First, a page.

If you haven't seen any 30 for 30 documentaries on ESPN then you should really check them out. Actually, just check out The U, that's the only really great one. I love documentaries. I don't know if it's because I feel like I'm obtaining credible information or I just like seeing different things from different peoples' perspectives.
The first 30 for 30 documentary was Kings Ransom directed by Peter Berg. This is the description from the ESPN Films page:
On August 9, 1988, the NHL was forever changed with the single stroke of a pen. The Edmonton Oilers, fresh off their fourth Stanley Cup victory in five years, signed a deal that sent Wayne Gretzky, a Canadian national treasure and the greatest hockey player ever to play the game, to the Los Angeles Kings in a multi-player, multi-million dollar deal. As bewildered Oiler fans struggled to make sense of the unthinkable, fans in Los Angeles were rushing to purchase season tickets at a rate so fast it overwhelmed the Kings box office. Overnight, a franchise largely overlooked in its 21-year existence was suddenly playing to sellout crowds and standing ovations, and a league often relegated to “little brother” status exploded from 21 teams to 30 in less than a decade. Acclaimed director Peter Berg presents the captivating story of the trade that knocked the wind out of an entire country, and placed a star-studded city right at the humble feet of a 27-year-old kid, known simply as “The Great One.”
Everyone basically knows the story; the documentary definitely went much deeper into the hatred that the Oilers fan base had toward the owner and Gretzky's wife. The trade not only changed the sport, but it changed the city as well. There has never been a move been an acquisition like that since, in any professional sport. There could be though.
Tomorrow at 3:00pm the NBA's trade deadline commences. There's some trade rumors going around, but the major story is what the Cleveland Cavaliers will do. Everything is about LeBron James. Does LeBron like this move, will he resign if this move happens, is Lebron the one that is asking for this trade? All these questions keep getting brought up over and over and all these questions are legitimate questions. The Cavs have the best team in the NBA and still everyone thinks that the Cavs have to make a trade if they want to secure LeBron James this summer.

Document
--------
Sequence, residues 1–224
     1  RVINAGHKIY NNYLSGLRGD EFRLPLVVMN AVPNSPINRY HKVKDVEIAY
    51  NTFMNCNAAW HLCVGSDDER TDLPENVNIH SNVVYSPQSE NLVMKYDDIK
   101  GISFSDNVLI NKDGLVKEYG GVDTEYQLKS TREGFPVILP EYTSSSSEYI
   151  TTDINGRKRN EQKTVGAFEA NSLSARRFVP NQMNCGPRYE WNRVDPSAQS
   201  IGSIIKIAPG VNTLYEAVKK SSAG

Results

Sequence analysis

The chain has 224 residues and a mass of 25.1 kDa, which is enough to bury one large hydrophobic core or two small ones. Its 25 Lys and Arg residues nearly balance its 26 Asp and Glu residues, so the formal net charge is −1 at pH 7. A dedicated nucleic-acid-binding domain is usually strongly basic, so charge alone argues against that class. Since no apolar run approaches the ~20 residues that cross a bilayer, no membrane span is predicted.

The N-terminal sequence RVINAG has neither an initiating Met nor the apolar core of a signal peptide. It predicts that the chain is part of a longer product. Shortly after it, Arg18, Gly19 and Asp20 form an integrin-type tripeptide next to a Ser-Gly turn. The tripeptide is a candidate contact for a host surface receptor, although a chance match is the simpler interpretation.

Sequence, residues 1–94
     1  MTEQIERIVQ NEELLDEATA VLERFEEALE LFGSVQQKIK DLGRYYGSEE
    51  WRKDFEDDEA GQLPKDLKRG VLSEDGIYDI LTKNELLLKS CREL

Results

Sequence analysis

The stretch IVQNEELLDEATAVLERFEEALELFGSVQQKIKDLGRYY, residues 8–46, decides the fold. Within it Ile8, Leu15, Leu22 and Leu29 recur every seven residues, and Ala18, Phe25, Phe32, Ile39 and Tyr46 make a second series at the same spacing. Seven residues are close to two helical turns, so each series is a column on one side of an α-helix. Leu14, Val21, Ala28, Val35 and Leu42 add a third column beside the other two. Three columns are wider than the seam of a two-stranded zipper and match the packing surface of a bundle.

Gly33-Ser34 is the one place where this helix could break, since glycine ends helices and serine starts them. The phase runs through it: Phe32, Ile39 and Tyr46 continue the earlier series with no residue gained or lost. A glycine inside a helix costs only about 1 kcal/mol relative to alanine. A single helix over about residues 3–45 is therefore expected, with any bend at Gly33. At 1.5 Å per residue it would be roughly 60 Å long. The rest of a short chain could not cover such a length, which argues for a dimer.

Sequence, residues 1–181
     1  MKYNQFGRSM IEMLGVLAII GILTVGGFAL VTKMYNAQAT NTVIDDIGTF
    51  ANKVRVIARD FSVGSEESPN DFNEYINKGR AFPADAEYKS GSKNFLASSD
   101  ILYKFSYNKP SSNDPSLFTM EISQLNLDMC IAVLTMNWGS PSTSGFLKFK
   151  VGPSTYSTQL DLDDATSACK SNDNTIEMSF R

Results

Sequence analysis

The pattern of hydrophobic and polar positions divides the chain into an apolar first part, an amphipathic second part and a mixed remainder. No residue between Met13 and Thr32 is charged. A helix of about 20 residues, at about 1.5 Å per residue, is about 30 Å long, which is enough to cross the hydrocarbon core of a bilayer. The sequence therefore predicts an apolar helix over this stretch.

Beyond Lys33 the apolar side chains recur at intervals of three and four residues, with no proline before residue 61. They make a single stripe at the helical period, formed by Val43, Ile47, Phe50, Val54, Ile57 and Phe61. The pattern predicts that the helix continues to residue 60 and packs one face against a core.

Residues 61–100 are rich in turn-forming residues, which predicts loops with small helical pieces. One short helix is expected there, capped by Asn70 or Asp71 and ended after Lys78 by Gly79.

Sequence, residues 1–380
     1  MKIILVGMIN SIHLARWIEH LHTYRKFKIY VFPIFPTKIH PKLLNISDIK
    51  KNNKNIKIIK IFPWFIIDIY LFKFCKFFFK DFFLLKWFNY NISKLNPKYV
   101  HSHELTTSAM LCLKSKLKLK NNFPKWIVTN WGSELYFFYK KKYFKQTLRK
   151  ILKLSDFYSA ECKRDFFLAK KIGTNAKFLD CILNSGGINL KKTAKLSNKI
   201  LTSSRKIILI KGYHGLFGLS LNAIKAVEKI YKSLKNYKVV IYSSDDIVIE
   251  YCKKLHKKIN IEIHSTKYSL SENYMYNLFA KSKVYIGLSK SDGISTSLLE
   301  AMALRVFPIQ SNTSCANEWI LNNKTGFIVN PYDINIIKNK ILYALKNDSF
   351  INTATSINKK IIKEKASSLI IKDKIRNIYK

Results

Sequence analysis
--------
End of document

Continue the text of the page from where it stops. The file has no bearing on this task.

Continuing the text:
What will happen if they don't secure LeBron though? Analysts have looked at the team perspective of how the organization will handle it, but how will the city handle it? How will the NBA handle it?
I think if LeBron jumps to a different team than we will have a reincarnation of Kings Ransom, but this time it would be starring King James.
Cleveland is a diehard sports city that has seen so many irreconcilable moments. They have the drive, the Jordan jumper, the annual draft day busts; this is a city that can't catch a break. Can we name any player who has signed to the Cleveland Browns that became a star since the Browns have returned to the NFL? This is a city that has put all their eggs in one basket and all their faith in one man. LeBron James.
LeBron isn't just an athlete to the city of Cleveland; he's a sign of hope to a city that hasn't had much in a long time. I think LeBron knows that; I think he recognizes what he means to a city and he wants that pressure. Pressure seems like an evil word, but for some it's what motivates them every day. I don't think LeBron has any qualms about being great and bringing a championship to Cleveland, he will however feel the burden of an entire state that watched him grow from a state championship high school player into the NBA's MVP.
Cleveland would riot. There would be cars on fire, windows smashed; the huge LeBron James "Witness" facade would be off the building by the time the ink dried on his new contract. Fans would be in tears and the city would return to its past state of no prominence. It's kind of a morbid thing to think of, but we have to, we've seen it before with another Great One.
The NBA would thrive. LeBron would probably be in one the biggest markets and the notoriety would be unseen like never before in any other sport. He'd make more money than any sport athlete ever has.
Is it worth it though? That's the question he's going to have to ask himself this offseason. He'll have to look at all the variables including money, endorsements, and is the team doing everything they can to win a championship?
At what point is doing the right thing for yourself and the wrong thing for so many others the best thing to do?